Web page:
Terror suspect not a monster - lawyer

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iol pic afr kenya-uk-terrorism AFP Briton Jermaine Grant appears in the Shanzu Law Court in the city of Mombasa, Kenya. Picture: Ivan Lieman

Mombasa, Kenya -

A British terrorism suspect in Kenya is no “monster” and has been falsely linked with a fugitive jihadist from the UK dubbed the “White Widow”, his lawyer told a court on Thursday.

Suspected militant Jermaine Grant, accused of plotting bomb attacks and having ties to Somalia's al-Qaeda-linked al-Shabaab, was arrested in December 2011 in the Kenyan port city with chemicals, batteries and switches.

Prosecutors have accused Grant, a Muslim convert, of working with fellow Briton Samantha Lewthwaite, the fugitive widow of British suicide bomber Germaine Lindsay who blew himself up on a London Underground train on July 7, 2005, killing 26 people.

Lewthwaite, a mother-of-three and daughter of a British soldier, is wanted by Kenyan police after persistent claims she is in the country.

Kenyan media speculated she was involved in last year's Westgate mall massacre in Nairobi, but Grant's lawyer tried to quash connections between the two.

“There is an obsession that Samantha has to be brought into this case,” Grant's lawyer Chacha Mwita told the court.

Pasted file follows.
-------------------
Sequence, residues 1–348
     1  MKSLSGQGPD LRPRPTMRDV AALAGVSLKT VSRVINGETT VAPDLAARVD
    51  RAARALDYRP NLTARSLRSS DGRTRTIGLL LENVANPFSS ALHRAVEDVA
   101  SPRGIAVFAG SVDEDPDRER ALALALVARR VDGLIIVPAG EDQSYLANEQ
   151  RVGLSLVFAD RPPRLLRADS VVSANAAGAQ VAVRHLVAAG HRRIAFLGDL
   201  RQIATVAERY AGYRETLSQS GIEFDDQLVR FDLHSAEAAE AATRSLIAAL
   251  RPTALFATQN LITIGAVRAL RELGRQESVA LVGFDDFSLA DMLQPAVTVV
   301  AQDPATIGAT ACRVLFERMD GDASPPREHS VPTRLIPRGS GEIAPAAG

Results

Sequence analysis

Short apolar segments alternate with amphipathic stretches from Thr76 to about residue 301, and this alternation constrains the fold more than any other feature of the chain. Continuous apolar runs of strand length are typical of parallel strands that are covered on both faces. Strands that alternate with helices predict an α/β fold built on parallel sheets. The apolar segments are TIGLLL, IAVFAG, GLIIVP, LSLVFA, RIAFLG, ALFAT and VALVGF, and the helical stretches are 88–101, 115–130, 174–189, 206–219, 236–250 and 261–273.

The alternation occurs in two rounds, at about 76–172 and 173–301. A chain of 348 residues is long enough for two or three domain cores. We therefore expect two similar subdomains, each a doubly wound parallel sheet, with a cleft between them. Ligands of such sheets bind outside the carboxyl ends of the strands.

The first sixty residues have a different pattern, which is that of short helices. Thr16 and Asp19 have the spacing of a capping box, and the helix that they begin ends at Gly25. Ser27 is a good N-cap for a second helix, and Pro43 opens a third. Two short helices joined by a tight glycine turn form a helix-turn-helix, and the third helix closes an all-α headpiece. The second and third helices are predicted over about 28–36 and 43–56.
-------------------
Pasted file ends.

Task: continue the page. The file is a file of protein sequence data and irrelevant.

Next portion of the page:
Grant had questioned why the media was “hell-bent to portray him before Kenyans as a monster, and pressure this court to ensure he doesn't get out of jail”, Mwita added.

Police this month said they had lost the trail of Lewthwaite.

Kenyan media have reported several occasions in which witnesses have seen a mystery white woman during a string of grenade attacks and killings in the coastal region, who apparently then vanishes without a trace.

There have been reported sightings of her riding a camel in Somalia, as well as appearing on the other side of Africa, in Nigeria.

Grant is believed to have become radicalised as a teenager in the same British prison where “shoe bomber” Richard Reid first turned to Islam.

Reid, who claimed he was an al-Qaeda recruit, is serving a life sentence in the United States for trying to blow up a flight from Paris to Miami in December 2001.

Grant pleaded guilty in December 2011 to charges of being in the country illegally and lying about his nationality, for which he was sentenced to two jail terms of two years, to run concurrently.

The trial continues on October 16. - Sapa-AFP


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